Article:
tinkertailorsoildersailor Wed 29-Nov-17 19:31:06

Ok great thank you - how do you go about 'finding' one? I guess I could see if my employer has one.....

LeeksPotatoes Wed 29-Nov-17 19:34:43

My OH (teacher) was offered one through work (nominally regarding pensions I think) but he guided us through our first house purchase. We then met with another guy from the same company later who confirmed our finances were generally Ok. This was all free I guess because of theoretical commission...

stuntcamel Wed 29-Nov-17 19:35:09

You need to find an Independent Financial Adviser (IFA) as they will give you unbiased advice.

whiteroseredrose Wed 29-Nov-17 19:41:09

Go to a Skipton Building Society. DH went. They're not tied to one company's products and you can get initial advice for free.

TotalBlamBlam Wed 29-Nov-17 19:48:14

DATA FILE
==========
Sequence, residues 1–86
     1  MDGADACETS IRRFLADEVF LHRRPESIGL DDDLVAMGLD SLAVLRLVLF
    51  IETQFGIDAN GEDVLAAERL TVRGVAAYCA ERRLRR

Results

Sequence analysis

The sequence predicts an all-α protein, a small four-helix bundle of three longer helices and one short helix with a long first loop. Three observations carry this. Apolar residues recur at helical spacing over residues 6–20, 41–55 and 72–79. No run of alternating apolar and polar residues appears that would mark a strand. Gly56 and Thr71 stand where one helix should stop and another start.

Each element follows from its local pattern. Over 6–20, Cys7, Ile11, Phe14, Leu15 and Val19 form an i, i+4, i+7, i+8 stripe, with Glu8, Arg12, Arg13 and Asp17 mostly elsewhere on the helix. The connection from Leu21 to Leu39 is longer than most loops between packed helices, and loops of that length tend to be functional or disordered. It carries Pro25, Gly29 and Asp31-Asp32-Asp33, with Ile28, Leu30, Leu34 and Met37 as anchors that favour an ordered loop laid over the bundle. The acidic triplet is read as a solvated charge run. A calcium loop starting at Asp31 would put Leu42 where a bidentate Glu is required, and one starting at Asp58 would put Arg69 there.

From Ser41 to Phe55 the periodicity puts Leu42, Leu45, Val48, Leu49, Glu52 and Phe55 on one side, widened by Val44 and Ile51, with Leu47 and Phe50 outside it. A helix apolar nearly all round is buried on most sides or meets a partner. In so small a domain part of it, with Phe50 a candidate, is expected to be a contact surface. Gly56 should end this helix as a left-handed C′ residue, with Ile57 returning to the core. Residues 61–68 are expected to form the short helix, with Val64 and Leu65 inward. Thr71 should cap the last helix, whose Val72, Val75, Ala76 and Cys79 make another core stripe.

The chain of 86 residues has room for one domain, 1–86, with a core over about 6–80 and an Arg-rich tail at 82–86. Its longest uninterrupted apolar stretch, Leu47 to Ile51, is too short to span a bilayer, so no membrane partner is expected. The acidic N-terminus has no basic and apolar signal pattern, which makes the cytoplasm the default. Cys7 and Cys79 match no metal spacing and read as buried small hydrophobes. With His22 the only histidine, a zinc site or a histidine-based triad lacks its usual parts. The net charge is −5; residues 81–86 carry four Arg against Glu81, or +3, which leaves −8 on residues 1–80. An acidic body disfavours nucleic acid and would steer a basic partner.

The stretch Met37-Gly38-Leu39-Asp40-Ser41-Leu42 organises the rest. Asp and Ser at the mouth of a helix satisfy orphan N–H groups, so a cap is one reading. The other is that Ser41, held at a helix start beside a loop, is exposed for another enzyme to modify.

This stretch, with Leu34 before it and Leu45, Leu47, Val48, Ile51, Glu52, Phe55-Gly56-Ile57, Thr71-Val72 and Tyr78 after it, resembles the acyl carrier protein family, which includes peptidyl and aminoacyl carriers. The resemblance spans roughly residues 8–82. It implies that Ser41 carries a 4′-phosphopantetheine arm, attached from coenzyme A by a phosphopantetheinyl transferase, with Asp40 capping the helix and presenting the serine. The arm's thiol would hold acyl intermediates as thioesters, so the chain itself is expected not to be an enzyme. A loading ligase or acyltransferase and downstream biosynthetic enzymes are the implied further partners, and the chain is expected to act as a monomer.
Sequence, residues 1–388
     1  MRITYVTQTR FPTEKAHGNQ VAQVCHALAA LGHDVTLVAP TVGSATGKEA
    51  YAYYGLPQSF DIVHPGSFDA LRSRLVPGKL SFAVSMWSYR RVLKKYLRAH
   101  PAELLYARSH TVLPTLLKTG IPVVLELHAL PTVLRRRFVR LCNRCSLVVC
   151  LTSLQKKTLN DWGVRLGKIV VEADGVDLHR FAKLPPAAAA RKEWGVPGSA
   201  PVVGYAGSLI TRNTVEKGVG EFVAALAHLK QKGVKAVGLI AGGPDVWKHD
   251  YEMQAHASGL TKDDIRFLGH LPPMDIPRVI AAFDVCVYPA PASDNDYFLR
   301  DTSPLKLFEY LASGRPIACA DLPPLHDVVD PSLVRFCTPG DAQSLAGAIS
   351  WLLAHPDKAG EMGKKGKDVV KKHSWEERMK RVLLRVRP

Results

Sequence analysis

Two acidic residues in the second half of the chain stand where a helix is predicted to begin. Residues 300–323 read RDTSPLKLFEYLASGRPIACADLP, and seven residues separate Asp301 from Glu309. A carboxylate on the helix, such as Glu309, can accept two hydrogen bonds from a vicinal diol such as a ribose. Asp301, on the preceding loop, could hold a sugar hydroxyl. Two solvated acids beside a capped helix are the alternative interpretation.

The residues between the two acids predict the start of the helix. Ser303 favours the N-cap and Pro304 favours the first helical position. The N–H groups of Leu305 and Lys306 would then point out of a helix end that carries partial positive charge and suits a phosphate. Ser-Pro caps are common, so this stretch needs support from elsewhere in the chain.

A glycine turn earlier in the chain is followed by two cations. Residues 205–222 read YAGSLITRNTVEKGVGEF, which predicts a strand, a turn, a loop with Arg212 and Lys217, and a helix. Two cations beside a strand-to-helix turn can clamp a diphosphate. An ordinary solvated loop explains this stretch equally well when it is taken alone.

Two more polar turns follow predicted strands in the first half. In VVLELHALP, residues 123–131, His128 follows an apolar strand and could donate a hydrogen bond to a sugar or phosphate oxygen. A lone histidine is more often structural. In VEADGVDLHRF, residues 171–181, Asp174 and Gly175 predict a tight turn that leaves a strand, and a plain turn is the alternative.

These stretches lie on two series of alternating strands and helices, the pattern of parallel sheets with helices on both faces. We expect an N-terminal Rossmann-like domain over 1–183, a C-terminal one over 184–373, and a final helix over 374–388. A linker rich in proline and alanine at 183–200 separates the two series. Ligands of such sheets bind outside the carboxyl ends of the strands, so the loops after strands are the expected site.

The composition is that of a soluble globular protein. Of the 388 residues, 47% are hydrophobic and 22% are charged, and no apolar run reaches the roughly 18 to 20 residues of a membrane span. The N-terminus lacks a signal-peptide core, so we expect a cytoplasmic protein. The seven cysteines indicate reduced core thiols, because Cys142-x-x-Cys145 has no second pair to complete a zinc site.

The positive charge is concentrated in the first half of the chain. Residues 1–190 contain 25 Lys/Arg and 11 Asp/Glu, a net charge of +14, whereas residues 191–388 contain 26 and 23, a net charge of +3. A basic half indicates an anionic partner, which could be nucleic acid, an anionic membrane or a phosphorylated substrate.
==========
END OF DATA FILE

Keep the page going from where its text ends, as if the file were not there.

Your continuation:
A starting point would be to visit and search for an independent financial adviser in your area.

JustHappy3 Wed 29-Nov-17 20:25:21

Definitely for everyone. Check out the stats in this article - even the "just getting by" can benefit.

BarbaraofSevillle Wed 29-Nov-17 21:06:16

Another thing you could do that may help a lot and not cost anything is look at the moneysavingexpert website. Go through the budgeting sections to check that you truely are maximising your income and minimising your outgoings. Make sure you join your company pension scheme if there is one.

Then make sure you are saving cash, premium bonds and maybe into a low rate tracker if your retirement is a way off. Read the guides about mortgages, pensions and saving.

You probably don't need to pay for more advice than that until you've a good chunk saved away and are starting to look at investing.

Then if you do decide you still need to see an IFA, you will probably be more informed if nothing else.

Also sign up to the weekly newsletter for ongoing tips on how to make and save money.

mercurymaze Wed 29-Nov-17 21:09:25

no but i think it helps if you need to switch mortgages etc as they work on commission

Crumbs1 Wed 29-Nov-17 22:12:47